In a stroke of ingenuity, Bradley came up with the shortcut when he was trying to restart the machine he had been working on with his team—the iconic IBM Acorn PC. They had tried plugging and unplugging the machine as a tried and tested method but to no avail. Bradley’s little impromptu innovation would go on to become a cornerstone of computing history, serving as the ultimate reboot shortcut for programmers. Yes, this infamous trio of shortcut combinations was originally meant for developers, not end-users. 

During a panel with Bill Gates at The Tech Museum on August 8, 2001, Bradley said, “I may have invented Control-Alt-Delete, but I think Bill made it famous.”

Control-Alt-Delete: David Bradley & Bill Gates

On an unrelated, happy trivia note 🍎

Prior to the release of the original Mac, Steve Jobs voiced concerns about the overuse of the iconic “Apple” logo. 

As a result, the project team decided to use a ‘looped square’ sign, which, in Nordic countries like Finland and Norway, is used to mark culturally significant sites. This shift highlighted the attention to detail that goes into every aspect of computing, even down to the symbols that guide our interactions.

To introduce shortcuts today, you need to account for the following MUST-HAVE factors:

1. Make shortcuts easily memorable: Users should find it easy to commit these shortcuts to memory, allowing them to seamlessly integrate them into their daily tasks.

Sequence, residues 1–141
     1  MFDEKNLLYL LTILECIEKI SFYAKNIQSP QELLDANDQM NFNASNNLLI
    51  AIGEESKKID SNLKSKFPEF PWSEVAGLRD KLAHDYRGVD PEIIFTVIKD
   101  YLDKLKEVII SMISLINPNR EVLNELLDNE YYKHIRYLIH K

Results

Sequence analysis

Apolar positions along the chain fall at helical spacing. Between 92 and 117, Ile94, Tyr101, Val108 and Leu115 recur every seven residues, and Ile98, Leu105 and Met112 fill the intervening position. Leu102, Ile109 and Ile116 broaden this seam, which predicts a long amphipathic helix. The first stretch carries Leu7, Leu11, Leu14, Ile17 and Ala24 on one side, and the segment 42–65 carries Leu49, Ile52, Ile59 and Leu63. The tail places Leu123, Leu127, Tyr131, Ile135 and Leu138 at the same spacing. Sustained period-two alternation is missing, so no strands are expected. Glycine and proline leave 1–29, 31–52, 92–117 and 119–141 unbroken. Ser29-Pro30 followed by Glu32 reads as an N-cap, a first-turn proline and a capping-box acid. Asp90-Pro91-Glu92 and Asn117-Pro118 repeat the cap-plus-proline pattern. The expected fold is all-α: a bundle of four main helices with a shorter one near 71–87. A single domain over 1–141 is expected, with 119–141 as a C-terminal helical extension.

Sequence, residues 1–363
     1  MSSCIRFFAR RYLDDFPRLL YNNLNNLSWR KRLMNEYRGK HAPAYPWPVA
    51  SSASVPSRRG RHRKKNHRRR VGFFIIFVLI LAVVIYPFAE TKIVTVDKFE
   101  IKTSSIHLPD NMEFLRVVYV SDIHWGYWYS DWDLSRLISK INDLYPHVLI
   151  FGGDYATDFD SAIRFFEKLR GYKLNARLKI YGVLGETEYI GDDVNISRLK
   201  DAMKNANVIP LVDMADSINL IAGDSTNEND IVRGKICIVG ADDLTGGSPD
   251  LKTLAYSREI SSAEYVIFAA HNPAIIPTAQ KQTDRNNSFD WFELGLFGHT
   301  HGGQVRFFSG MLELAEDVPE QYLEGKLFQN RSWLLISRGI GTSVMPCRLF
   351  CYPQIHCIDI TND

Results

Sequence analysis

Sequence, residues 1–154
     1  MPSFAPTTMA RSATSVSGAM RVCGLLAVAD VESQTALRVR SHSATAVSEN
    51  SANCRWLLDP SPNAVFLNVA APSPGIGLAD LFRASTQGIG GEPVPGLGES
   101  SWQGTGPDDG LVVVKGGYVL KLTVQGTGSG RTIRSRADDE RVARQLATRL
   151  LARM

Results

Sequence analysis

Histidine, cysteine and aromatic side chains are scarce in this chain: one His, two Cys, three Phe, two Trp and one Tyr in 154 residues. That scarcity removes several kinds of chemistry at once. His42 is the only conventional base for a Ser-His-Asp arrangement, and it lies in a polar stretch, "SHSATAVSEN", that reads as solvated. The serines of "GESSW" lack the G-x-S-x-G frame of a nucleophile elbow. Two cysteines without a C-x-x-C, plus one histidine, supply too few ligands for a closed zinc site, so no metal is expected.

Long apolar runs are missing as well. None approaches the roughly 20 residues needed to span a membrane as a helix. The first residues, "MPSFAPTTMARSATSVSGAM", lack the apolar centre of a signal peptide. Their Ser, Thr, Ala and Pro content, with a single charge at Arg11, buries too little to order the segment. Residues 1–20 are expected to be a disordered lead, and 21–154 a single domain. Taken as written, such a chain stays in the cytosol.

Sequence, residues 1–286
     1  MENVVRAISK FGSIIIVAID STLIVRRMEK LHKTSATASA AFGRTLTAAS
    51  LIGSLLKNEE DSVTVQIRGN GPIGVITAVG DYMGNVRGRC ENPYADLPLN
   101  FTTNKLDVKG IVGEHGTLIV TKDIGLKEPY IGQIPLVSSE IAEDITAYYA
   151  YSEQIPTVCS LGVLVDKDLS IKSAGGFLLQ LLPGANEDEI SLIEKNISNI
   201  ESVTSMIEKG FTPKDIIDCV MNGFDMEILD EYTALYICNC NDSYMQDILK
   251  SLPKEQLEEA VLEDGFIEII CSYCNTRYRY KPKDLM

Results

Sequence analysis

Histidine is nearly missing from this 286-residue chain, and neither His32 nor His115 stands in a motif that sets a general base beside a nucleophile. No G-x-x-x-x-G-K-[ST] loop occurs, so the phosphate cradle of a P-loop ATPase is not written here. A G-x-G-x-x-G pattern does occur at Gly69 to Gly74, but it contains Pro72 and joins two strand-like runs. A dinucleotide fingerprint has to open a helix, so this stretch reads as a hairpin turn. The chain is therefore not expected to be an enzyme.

2. Ensure their compatibility with existing keyboards: New shortcuts must align with the physical arrangement of keys on various keyboard types, whether they’re standard, ergonomic, or compact. For instance, the shortcut “Ctrl + C” for copying should be universally recognized and accessible on all keyboard layouts. If you’re designing for a particular keyboard, you are missing out on the rest!

3. Create key sequences that don’t trigger other shortcuts: Developers must meticulously design key combinations that do not inadvertently trigger other commands or functions, preventing user frustration and mishaps. Example: the key sequence “Ctrl + S” for saving a file should not also activate the “Ctrl + Shift + S” shortcut for saving a file with a different name.  

You will be adding more to your users’ plate with these keys, than they can possibly consume.

Modern applications like Figma, Notion, and Superhuman take this philosophy to heart, encouraging users to embrace the keyboard and bid adieu to the mouse for enhanced productivity.